CHRISTINE CONFRONTS HER PAST
“Aunt Dimitra, who had again transformed into a sweet, elderly lady with saggy breasts and grey bun, grinned at her and walked over to a building that was old and small and covered in hay and dirt. It was not more than two metres in height, and the whitewashed walls were crumbling, revealing old bricks of different shades and stones that had been haphazardly put together many years ago.
Christine was intrigued by this small building. She wandered around its remains, ogling its decrepit wooden door, dirty white walls, jagged brown tiled roof, and crumbling façade. The building stood in the radiant sun, a memorial to the poverty of her forefathers.
‘This is where your mum was born, and this is where she was brought up,’ her aunt said, beaming with pride and excitement.
Christine stared wide-eyed at the ‘house’, and was dismayed by the poverty of the place. She went closer and peeked through a miniature window smeared with dirt. She imagined her mother getting dressed and preparing herself for the day ahead. The house was tiny both in width and in height—the doorway barely allowing children to walk through. There were no rooms—indeed, the ‘house’ itself was the size of a room.
Christine tried to imagine her mum as a small girl growing up into a young woman in such unbearable surroundings—and with all her brothers and sisters in such close range. The thought suffocated Christine, who valued her space, her freedom.
‘And this is the kitchen—and where Grandma and Grandpa slept.’
Her aunt stood in front of a rundown red brick house that stood opposite, its white paint completely peeled away—the home of her grandmother and grandfather. Christine could not grasp the wretched poverty of her forefathers, and walked into the small house. It had enough room for the oven and a bed. The house now covered in black soot, Christine tried to discern where and how her grandparents had spent the night. She spied a small space in the corner of dirt and hay and came to the realisation that it was from that spot that her mother had come into existence.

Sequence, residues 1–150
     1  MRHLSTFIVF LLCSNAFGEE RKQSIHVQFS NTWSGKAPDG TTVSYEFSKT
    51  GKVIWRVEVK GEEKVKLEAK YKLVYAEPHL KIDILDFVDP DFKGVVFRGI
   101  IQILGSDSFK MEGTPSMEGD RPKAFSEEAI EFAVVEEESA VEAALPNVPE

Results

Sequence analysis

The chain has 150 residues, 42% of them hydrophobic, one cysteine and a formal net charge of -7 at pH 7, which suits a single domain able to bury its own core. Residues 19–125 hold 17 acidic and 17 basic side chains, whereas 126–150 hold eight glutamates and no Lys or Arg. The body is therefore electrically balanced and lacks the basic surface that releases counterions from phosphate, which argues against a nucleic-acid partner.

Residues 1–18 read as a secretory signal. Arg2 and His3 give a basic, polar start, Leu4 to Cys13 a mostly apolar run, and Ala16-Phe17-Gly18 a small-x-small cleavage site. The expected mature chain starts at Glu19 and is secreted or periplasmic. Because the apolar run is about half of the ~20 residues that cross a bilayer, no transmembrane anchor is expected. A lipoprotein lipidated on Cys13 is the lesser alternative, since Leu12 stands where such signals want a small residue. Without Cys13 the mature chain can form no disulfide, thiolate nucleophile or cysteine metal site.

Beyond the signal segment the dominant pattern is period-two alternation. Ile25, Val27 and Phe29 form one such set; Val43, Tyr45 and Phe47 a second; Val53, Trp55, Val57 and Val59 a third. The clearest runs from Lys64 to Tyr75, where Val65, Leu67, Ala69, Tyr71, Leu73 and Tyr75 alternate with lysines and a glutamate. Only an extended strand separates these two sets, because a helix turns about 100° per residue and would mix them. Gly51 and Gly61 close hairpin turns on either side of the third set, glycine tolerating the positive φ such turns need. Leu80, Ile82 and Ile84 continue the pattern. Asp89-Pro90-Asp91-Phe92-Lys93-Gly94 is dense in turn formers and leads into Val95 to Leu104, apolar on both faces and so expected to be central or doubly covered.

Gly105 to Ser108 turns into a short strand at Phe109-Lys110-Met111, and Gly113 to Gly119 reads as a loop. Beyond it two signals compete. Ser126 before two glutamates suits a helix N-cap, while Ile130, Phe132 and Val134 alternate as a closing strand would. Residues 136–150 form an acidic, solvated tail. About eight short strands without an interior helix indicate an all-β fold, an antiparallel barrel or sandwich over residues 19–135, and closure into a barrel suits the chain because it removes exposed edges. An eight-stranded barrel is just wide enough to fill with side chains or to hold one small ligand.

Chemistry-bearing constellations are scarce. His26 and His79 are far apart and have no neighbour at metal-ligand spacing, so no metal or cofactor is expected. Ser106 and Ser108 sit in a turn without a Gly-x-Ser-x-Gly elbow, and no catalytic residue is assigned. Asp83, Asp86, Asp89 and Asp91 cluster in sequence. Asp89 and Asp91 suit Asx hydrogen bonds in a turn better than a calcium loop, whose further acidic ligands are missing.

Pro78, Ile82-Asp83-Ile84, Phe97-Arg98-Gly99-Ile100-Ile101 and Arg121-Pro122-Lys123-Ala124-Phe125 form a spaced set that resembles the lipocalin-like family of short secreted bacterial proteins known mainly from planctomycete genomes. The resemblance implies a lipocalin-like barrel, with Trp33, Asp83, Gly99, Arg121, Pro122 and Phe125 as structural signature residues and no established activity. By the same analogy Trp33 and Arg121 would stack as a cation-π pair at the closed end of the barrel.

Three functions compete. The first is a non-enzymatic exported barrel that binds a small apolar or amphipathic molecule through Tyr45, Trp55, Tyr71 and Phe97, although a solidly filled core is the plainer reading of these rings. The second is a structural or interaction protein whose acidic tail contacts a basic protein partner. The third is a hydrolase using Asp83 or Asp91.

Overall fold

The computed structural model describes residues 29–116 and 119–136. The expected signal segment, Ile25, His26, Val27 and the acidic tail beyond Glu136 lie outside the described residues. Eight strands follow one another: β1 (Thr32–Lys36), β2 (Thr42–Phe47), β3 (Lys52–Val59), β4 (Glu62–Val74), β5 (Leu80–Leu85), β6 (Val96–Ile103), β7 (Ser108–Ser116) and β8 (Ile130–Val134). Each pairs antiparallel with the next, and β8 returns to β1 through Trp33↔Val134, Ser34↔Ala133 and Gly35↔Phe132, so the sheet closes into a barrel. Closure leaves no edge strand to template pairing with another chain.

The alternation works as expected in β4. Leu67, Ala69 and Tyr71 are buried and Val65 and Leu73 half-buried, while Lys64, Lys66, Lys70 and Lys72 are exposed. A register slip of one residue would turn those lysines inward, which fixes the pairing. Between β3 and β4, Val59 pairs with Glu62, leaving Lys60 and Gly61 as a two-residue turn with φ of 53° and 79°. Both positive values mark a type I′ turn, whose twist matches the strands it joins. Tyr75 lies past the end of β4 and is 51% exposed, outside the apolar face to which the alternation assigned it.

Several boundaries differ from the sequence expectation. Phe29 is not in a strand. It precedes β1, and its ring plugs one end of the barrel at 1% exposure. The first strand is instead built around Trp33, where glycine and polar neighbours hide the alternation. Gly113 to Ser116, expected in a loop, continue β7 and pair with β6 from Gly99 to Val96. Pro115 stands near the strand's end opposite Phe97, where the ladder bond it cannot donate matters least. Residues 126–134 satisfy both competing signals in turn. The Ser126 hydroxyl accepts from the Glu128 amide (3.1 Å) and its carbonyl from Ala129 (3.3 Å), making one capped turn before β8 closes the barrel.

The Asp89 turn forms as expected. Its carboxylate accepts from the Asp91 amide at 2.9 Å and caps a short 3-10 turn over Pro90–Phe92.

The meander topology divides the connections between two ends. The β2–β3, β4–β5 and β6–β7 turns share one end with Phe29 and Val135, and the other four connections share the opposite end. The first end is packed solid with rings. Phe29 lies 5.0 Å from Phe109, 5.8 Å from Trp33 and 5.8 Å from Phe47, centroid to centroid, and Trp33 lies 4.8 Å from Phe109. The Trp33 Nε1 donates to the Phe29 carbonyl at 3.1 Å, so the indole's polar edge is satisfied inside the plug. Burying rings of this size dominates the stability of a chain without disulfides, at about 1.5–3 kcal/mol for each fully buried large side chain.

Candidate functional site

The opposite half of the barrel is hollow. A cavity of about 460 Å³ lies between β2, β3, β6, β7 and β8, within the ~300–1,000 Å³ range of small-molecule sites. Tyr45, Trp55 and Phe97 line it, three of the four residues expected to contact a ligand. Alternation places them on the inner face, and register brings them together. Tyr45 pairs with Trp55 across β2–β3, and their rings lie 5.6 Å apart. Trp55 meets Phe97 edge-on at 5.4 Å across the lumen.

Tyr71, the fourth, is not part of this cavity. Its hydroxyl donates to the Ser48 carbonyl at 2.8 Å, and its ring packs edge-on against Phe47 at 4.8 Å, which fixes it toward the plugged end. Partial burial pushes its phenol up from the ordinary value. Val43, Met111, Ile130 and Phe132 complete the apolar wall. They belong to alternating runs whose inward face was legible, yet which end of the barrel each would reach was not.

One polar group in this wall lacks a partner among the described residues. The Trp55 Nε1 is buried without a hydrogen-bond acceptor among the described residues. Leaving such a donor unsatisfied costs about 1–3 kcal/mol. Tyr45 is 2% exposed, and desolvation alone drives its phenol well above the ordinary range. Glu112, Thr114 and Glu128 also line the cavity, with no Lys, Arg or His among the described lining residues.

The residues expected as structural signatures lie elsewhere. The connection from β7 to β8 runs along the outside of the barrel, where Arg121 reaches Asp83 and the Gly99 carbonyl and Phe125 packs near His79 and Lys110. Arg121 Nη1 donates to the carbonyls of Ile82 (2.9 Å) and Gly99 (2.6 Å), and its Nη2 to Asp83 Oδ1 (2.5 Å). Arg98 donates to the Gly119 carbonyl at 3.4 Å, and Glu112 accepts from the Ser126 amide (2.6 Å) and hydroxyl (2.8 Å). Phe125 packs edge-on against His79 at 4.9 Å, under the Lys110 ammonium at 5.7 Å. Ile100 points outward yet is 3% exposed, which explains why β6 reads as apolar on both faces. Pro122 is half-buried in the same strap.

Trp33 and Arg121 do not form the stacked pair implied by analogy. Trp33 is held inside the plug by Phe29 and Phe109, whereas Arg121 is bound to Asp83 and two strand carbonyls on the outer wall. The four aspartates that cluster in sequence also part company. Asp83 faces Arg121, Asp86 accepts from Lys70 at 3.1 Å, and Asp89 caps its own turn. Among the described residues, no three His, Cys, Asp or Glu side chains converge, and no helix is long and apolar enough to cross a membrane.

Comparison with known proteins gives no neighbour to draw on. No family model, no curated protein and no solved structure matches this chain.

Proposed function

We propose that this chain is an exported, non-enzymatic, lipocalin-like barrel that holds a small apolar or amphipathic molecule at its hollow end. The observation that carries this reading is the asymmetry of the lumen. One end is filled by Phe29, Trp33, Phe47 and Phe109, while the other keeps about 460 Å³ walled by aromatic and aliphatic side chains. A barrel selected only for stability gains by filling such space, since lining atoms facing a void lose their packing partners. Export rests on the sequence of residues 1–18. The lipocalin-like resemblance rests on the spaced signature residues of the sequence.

Her thoughts went to her grandma, with her short round body, her round face and round eyes—laughing crudely yet joyously—and beyond that to her foremothers, slaving away at the little stone oven on a hot day like today, baking the life-giving bread that had sustained peasants for centuries. Cooking the lentil soup and preparing the olives that made the Mediterranean diet famous for its nutritious, life-nourishing qualities.
The entire lot and the buildings had been abandoned years ago and left to disintegrate forever; corpses to be buried and forgotten; a cursed reminder of peasant drudgery and the dehumanisation that is poverty.
‘I don’t know what to say, Aunty. So much poverty . . . I can’t believe it . . .’
(Yet) as long as people remained in the village, as long as her ancestors came back to pay homage, the old house of the Giannopoulos family would stand—because once it fell, the village would be gone physically, culturally and spiritually. And nothing would be left to tell of their stories.”
(Excerpt: Daughter of Odysseus - Ithaka Calling, Part 3, Chapter 11)
THE POWER OF SYMBOLS
‘Signs and symbols rule the world, Not Words nor Laws.’ Confucius
I found this quote fascinating from the moment I stumbled upon it. That symbols and signs can evoke such powerful reactions illustrates the depth of their importance. That they rule the world is quite profound but I think there is an element of truth in this.